Published: 01 December 2005
The Iraqi armed forces on the ground in Baghdad look very different from the encouraging picture of them painted by President George Bush. Its men are often packed into pathetically vulnerable convoys of ageing white pick-up trucks.
The much-feared paramilitary police commandos drive at breakneck speed through the streets firing into the air as civilian cars scatter in terror.
"I've been watching a lot of movies about the Wild West because it was so like Iraq today," said a diplomat in Baghdad yesterday. "There are armed men everywhere but frequently you don't know who they are or whose side they are on."
Mr Bush said there were 120 army and police battalions ready to fight on their own against "the terrorists". A further 80 will fight alongside US troops. He stated the American achievement in terms of training, but the real problem for the US in Iraq is about motivation. On several occasions the US military has claimed it had built a powerful force only to see it dissolve or change sides in battle. During an insurgent uprising in Mosul, in northern Iraq, in November 2004 some 3,000 US-trained police went home, abandoning 30 police stations and $40m (£23m) worth of equipment.
This is why the American goal of suppressing the uprising in Iraq has proved so elusive. If the US was fighting a limited number of foreign "terrorists" it would have made progress in two and a half years. But it is confronting the five million-strong Sunni Arab community which can carry on the fight for as long as it wants.
There is a further problem that Mr Bush did not address. Hostility between the three main Iraqi communities - the Shia and Sunni Arabs and the Kurds - is growing by the day.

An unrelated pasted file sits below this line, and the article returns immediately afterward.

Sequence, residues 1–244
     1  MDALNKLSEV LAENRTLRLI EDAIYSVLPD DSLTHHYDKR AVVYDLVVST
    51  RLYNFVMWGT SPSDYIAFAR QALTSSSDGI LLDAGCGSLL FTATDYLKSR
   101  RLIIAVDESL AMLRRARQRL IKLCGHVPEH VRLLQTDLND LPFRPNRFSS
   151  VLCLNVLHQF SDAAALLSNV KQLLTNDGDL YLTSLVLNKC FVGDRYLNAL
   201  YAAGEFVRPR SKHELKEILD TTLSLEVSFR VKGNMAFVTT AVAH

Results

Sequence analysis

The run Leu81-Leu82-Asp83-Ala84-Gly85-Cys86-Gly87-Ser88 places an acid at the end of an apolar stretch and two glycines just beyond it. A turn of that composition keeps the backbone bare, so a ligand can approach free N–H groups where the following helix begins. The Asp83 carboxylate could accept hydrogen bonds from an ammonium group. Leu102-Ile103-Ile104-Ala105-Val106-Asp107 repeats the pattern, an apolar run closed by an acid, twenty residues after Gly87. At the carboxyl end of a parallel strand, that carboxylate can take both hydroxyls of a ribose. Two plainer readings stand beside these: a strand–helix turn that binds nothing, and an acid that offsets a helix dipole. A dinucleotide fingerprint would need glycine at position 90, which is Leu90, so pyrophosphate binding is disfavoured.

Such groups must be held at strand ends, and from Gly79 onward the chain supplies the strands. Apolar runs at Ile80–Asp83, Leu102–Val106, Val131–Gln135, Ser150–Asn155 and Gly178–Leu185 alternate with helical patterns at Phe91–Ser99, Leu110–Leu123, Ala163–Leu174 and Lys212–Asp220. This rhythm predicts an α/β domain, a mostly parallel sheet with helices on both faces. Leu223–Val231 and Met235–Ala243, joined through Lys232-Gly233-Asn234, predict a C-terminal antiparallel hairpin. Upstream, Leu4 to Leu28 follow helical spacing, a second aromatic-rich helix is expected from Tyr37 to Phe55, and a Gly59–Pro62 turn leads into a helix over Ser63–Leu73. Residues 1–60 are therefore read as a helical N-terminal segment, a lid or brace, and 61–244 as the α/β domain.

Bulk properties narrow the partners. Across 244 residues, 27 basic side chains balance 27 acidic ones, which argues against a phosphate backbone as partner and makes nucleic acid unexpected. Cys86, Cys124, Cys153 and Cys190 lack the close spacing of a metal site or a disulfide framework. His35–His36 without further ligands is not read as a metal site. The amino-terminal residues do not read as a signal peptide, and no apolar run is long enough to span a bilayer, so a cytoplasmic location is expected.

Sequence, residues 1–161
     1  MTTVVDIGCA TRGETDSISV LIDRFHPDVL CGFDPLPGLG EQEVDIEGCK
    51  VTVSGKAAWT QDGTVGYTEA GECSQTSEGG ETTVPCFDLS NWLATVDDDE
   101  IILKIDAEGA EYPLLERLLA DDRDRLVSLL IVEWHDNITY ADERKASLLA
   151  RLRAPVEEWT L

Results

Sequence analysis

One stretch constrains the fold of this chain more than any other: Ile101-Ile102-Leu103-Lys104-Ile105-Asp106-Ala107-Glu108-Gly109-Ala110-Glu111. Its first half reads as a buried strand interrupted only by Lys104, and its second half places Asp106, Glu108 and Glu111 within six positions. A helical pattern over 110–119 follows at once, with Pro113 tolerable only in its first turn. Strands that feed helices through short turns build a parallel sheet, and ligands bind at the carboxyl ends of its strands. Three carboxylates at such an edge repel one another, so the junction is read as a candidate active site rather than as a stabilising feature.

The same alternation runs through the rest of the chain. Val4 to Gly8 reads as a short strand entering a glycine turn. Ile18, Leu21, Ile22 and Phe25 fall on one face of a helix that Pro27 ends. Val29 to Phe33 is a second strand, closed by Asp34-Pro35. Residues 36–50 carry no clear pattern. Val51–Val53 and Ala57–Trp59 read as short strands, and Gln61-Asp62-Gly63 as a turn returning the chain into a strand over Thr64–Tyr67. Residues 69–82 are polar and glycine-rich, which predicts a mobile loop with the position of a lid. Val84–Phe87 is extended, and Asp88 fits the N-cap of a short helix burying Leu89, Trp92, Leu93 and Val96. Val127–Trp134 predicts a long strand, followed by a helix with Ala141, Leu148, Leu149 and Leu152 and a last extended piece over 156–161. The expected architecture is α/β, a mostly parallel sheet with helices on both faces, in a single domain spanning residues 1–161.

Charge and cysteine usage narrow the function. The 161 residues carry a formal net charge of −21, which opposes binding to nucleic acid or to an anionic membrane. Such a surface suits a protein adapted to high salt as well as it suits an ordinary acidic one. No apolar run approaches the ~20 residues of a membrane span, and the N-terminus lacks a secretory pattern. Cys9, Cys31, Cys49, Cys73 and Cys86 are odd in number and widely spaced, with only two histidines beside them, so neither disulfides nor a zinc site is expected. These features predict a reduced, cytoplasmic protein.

Sectarian divisions cut through the armed forces making it difficult to deploy them. The Iraqi Defence Ministry reportedly believes that out of 115 battalions it looked at this summer 60 were wholly Shia, 45 were Sunni, nine were Kurdish and just one was mixed. The danger is that if a Shia battalion is employed in a Sunni area it will provoke a furious reaction. In the Sunni stronghold of Fallujah, west of Baghdad, Shia units are more hated than the Americans, said a resident.
From late last year checkpoints manned by police commandos, under the interior ministry, became a frequent sight in Baghdad. But under the government of Ibrahim al-Jaafari, the ministry of the interior, formerly dominated by Sunni, was taken over by the Badr Brigade, the militia of the Supreme Council for Islamic Revolution in Iraq, a Shia political party. Again and again Sunni men arrested by the 12,000-strong commando brigades would be found tortured and shot dead. Little attempt was made to conceal what was happening.
Mr Bush said yesterday that Iraqi armed forces were being created to take over from US troops who will then be able to withdraw from Iraq. But the loyalty of these units is often less to the Iraqi government than their own community or militia. The Sunni community has also learnt that its armed resistance is very effective in achieving its aims. The military progress claimed by Mr Bush is largely illusory.